Let me get this straight - I fundamentally believe home computers, together with the internet and world wide web, to be a largely positive addition to our lives. In contrast to past decades, we now have all the information we could want literally at our fingertips (as along as we know how to weed out the good from the bad). We can connect with people from all over the world, instantly and at lightning speed. (It really comes into its own when it comes to keeping in touch with loved ones who have moved away). We can express our opinions more readily (although there can be negatives to that), read consumer reviews and make judgements before making purchases. There is an entire world that can be explored, without even leaving the house. That is very useful, but can also affect life inside our very own homes.

Spending time online is very often a solitary activity - even more so than watching television, which we often do with other people. Thus, it creates a kind of separation in the home, as family members choose to go off and do their own thing, spending less time with each other. Whereas in the past, families were more likely to watch shows together, play games or simply chat, the lure of the internet and all that it offers can send individuals into separate corners of the house. It isn't only children that do this, of course - how often, as adults, do we sneak off to check our emails, have a look at Facebook or whatever else crosses our minds. We might pretend to be present, but whilst we are keeping one eye on our children, the other half of us is somewhere else. Even when we are all together, inside the family home, we are accessing life outside it, which means that at that moment we are not truly living in the here and now. It is not quite the same as doing the ironing whilst our kids play on the floor - ironing is a monotonous task that doesn't claim our attention in quite the same way. Time slips by quickly when we are logged on. It is so easy to lose half an hour or more whilst barely noticing.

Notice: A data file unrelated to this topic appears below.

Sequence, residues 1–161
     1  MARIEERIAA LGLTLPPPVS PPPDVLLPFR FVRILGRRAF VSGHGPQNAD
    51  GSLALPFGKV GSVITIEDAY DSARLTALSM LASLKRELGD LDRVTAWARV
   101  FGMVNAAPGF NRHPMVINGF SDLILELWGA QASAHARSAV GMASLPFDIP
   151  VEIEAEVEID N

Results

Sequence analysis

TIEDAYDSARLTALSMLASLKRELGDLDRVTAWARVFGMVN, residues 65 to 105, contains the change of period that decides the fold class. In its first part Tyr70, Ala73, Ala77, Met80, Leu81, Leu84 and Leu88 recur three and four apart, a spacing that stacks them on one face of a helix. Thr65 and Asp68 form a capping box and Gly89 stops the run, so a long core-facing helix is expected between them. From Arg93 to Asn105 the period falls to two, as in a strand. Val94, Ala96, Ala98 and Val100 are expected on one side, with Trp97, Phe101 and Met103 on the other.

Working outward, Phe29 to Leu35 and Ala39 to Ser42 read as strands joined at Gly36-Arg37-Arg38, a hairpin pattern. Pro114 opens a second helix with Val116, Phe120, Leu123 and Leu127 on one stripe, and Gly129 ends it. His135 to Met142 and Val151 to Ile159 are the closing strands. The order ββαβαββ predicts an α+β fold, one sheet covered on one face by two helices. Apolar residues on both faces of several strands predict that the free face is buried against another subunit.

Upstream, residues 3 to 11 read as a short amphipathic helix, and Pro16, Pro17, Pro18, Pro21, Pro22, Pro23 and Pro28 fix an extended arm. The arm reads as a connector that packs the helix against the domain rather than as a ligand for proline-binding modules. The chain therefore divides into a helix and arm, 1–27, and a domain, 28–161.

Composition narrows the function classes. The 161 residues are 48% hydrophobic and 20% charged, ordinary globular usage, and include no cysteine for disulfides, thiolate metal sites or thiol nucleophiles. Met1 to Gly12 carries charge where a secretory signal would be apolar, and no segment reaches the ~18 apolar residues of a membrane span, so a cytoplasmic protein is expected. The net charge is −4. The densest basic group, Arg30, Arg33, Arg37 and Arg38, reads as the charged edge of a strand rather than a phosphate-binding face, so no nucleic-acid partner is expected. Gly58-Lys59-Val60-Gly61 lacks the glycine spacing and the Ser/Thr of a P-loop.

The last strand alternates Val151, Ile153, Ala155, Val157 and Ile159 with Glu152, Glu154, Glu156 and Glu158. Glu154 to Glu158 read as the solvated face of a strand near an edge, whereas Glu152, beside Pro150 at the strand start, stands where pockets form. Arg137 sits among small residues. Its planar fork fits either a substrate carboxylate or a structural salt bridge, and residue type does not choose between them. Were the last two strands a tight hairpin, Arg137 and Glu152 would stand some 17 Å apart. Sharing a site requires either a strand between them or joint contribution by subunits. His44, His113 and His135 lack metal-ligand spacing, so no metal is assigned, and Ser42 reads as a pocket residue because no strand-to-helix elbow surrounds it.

Children Now and Children Then....

Aside from the separation that can ensue when family members become obsessed with 'logging on', the instant access offered by the internet means that we are growing less patient. Used to the instant answers that the internet can bring, many of us no longer like waiting when we have a question or want to research something. My eldest son is just like this - he never expects to wait when he wants to look up whatever he's got his mind on. That would be great if it was research for a project or something of the like, but usually it isn't. More often than not, he wants to read reviews of the latest console game or check out merchandise in stores. Sometimes it is a funny video on Youtube - perhaps something one of his school friends told him about. It becomes almost an obsession - he has to look up everything he is interested in and wants to know about, right then and there. Because the information is at the end of his fingertips, he often cannot stop thinking about it until he has looked it up. He is not good at being calm, reflective or simply at chilling out and doing nothing. His mind is never an empty space - because there is always something electronic nearby to fill the quiet gaps. Logging on is one of these - logging on to the laptop, going online on Xbox Live, searching for apps over the internet on his Ipod...